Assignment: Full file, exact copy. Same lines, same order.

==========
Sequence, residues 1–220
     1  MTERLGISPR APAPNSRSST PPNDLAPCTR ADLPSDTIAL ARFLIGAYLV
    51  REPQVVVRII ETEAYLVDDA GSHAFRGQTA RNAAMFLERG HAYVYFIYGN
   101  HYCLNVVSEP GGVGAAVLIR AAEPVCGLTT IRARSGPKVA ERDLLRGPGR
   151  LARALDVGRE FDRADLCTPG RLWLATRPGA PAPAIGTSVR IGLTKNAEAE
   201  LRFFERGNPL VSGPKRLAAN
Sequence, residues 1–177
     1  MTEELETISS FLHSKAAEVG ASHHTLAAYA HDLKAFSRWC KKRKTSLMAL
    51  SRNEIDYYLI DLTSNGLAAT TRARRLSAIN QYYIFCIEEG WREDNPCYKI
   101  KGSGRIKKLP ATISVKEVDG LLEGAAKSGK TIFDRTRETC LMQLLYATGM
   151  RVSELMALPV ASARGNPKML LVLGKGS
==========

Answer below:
Sequence, residues 1–220
     1  MTERLGISPR APAPNSRSST PPNDLAPCTR ADLPSDTIAL ARFLIGAYLV
    51  REPQVVVRII ETEAYLVDDA GSHAFRGQTA RNAAMFLERG HAYVYFIYGN
   101  HYCLNVVSEP GGVGAAVLIR AAEPVCGLTT IRARSGPKVA ERDLLRGPGR
   151  LARALDVGRE FDRADLCTPG RLWLATRPGA PAPAIGTSVR IGLTKNAEAE
   201  LRFFERGNPL VSGPKRLAAN
Sequence, residues 1–177
     1  MTEELETISS FLHSKAAEVG ASHHTLAAYA HDLKAFSRWC KKRKTSLMAL
    51  SRNEIDYYLI DLTSNGLAAT TRARRLSAIN QYYIFCIEEG WREDNPCYKI
   101  KGSGRIKKLP ATISVKEVDG LLEGAAKSGK TIFDRTRETC LMQLLYATGM
   151  RVSELMALPV ASARGNPKML LVLGKGS